The Orbán family with Hungarian Prime Minister Viktor Orbán at center, from an animated video by Hungarian investigative news outlet Direkt36

The Orbán family with Hungarian Prime Minister Viktor Orbán at center, from an animated video by Hungarian investigative news outlet Direkt36

András Pethő, a 2020 Nieman Fellow, tells a complex story on corruption within the administration of Hungarian Prime Minister Viktor Orbán to a general audience.

I knew we were in trouble when even I could not remember details from our own story. How could I expect our audience to understand it?

In my defense, I am talking about an investigation that has dragged on for years and expanded into multiple lines of inquiry.

After receiving tips that their construction companies were secretly participating in projects financed by state agencies, my colleague Blanka Zöldi and I started to look into the businesses of Hungarian Prime Minister Viktor Orbán’s family in 2016. In May 2017, we published our first story. It showed that the PM’s father and brother received public money from various construction projects. This despite a previous agreement between the Prime Minister and his father that the family’s companies would not work on state-financed projects while Orbán was in office.

We continued our investigation and found more projects in which family firms participated. We revealed that the companies had ties to some of the most powerful oligarchs in Hungary. We reported how the family’s flagship company has become the most profitable business in the whole industry. And we also confronted both Viktor Orbán and his father and asked them what happened to their old agreement. (Spoiler alert: They did not give straight answers.)

We have published more than 20 stories over the years, and while we always tried to provide contextual information, this became increasingly difficult as the project got more and more complex. Then we turned to a tool I became interested in during my Nieman year.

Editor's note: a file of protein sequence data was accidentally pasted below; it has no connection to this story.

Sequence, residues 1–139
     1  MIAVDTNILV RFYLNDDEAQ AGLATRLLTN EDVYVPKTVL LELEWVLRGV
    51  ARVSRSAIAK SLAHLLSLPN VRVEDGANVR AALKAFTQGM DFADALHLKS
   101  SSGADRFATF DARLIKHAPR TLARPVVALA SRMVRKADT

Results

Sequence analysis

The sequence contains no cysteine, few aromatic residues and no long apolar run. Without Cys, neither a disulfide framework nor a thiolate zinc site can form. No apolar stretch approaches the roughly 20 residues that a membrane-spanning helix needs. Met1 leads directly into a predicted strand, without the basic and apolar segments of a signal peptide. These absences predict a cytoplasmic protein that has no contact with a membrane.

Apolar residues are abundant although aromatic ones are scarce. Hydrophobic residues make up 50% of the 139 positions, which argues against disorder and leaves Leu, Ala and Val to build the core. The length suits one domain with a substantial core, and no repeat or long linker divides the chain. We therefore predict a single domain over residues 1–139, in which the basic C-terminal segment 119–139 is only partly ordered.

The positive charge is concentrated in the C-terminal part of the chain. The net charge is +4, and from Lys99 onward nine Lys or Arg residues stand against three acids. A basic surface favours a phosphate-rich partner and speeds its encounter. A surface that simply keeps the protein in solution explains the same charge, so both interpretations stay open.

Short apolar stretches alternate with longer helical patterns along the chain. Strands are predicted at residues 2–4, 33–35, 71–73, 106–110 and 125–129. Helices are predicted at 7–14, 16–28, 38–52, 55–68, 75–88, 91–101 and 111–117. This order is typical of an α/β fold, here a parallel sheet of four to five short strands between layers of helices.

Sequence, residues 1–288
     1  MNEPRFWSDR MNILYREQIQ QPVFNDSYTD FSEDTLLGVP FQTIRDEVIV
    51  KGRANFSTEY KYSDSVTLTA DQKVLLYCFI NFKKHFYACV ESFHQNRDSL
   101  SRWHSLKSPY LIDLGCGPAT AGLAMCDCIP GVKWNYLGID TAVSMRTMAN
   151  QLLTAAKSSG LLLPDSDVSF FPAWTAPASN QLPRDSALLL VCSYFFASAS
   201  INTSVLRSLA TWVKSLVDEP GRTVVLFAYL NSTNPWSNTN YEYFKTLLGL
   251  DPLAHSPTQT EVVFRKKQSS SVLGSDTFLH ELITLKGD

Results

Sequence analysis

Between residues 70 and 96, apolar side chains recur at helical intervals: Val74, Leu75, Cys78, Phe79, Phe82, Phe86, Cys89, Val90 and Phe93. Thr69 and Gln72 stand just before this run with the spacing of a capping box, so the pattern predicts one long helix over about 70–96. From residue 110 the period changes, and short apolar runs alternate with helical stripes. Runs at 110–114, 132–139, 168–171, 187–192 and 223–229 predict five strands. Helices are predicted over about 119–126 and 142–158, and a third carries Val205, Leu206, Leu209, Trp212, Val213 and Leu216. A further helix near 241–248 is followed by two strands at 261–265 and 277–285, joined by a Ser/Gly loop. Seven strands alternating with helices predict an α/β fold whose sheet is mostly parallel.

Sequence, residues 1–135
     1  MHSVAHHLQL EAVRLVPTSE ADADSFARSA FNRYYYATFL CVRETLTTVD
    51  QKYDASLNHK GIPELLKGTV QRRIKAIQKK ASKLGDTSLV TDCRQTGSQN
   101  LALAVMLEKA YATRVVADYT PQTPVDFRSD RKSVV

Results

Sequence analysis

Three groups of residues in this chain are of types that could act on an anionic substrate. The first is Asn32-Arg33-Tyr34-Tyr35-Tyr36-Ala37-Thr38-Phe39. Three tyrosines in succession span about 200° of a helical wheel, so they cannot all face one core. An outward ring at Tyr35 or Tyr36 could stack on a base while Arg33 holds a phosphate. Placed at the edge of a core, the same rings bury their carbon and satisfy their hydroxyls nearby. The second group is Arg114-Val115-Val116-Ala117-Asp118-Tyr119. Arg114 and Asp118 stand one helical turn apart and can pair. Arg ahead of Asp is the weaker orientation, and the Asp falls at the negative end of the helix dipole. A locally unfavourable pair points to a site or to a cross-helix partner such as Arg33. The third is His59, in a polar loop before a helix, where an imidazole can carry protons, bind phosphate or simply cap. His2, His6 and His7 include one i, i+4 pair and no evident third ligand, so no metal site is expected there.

I was very happy when I got into a popular Harvard course called Documentary Animation. Unfortunately, I soon realized that a lack of drawing skills is a formidable obstacle in this area. Still, I continued attending classes and did all the homework (I will always be grateful to my fellow students — about two decades younger than me — for not laughing at the presentation of my assignments). I did not give up because, even if I myself would not be able to produce such materials, at least I would be better able to work with professionals should the opportunity come.

The video about the Orbán family’s businesses was a chance to put my newfound skills to practice. Blanka and I spent several weeks with graphic artist Artúr Andrási and built the video step by step. He made a storyboard based on the script we wrote, and then we moved on to creating the separate scenes. It was a painstaking process but, thanks to the Harvard course, I knew that patience was necessary for animation.

The six-minute piece was published in early May, and it has quickly become our most popular video ever. It has been viewed more than 100,000 times on YouTube and Facebook, with most viewers watching the entire video. (The video embedded here is the subtitled version, which has far fewer views.)

It was a lot of work, but it was worth it. And now we don’t have to try to explain the whole project every time we publish a new piece. We can just embed this animated video.

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